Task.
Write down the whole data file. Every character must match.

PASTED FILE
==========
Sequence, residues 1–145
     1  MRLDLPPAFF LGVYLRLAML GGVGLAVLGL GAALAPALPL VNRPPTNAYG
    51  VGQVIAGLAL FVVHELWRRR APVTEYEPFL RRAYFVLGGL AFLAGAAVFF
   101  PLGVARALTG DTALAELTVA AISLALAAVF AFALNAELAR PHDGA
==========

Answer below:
Sequence, residues 1–145
     1  MRLDLPPAFF LGVYLRLAML GGVGLAVLGL GAALAPALPL VNRPPTNAYG
    51  VGQVIAGLAL FVVHELWRRR APVTEYEPFL RRAYFVLGGL AFLAGAAVFF
   101  PLGVARALTG DTALAELTVA AISLALAAVF AFALNAELAR PHDGA